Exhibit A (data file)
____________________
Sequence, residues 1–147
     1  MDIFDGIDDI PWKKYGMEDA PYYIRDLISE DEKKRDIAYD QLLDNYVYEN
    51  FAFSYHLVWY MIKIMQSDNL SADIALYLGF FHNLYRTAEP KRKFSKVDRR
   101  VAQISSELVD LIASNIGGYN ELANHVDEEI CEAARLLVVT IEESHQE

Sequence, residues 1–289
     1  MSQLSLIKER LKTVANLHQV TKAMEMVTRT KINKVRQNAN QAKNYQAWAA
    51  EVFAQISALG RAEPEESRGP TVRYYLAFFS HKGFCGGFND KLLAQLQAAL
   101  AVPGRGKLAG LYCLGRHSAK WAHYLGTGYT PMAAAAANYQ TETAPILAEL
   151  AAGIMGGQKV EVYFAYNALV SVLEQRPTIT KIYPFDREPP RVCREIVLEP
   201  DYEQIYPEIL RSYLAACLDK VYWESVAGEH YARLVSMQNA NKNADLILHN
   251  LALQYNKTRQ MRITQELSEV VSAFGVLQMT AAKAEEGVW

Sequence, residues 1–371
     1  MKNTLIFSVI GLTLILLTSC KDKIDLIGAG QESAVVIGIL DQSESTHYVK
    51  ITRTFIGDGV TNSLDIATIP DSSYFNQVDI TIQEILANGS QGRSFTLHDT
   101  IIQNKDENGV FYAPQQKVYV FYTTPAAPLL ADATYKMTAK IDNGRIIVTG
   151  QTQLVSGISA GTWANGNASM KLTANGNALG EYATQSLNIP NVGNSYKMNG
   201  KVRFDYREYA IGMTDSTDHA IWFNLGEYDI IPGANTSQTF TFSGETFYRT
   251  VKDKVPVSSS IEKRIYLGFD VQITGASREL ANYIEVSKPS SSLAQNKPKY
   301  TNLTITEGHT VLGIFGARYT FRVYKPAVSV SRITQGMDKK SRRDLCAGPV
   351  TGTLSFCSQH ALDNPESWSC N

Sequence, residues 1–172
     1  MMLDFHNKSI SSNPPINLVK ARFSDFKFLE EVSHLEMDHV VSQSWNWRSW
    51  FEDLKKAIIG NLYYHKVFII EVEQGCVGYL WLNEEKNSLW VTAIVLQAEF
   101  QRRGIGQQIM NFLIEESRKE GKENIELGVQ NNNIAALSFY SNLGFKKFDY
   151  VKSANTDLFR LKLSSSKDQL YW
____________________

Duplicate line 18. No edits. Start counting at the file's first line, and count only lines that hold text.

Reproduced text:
   251  VKDKVPVSSS IEKRIYLGFD VQITGASREL ANYIEVSKPS SSLAQNKPKY